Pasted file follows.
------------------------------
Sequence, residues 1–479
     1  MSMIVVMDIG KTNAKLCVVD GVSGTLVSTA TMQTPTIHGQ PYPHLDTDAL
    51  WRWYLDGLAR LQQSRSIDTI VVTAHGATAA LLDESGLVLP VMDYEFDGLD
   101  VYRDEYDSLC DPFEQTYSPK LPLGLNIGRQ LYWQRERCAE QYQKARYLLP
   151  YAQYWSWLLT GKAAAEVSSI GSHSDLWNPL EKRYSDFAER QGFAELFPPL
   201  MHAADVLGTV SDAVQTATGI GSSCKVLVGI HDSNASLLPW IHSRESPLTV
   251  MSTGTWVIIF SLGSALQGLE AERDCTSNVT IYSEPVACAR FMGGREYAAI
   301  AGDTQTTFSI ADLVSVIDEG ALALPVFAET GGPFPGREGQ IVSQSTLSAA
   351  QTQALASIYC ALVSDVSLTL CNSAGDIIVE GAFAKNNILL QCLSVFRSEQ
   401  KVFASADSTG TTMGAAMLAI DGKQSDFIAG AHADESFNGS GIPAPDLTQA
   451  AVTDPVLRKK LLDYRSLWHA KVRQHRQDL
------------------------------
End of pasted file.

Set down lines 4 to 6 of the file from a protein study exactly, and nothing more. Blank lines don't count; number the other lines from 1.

   101  VYRDEYDSLC DPFEQTYSPK LPLGLNIGRQ LYWQRERCAE QYQKARYLLP
   151  YAQYWSWLLT GKAAAEVSSI GSHSDLWNPL EKRYSDFAER QGFAELFPPL
   201  MHAADVLGTV SDAVQTATGI GSSCKVLVGI HDSNASLLPW IHSRESPLTV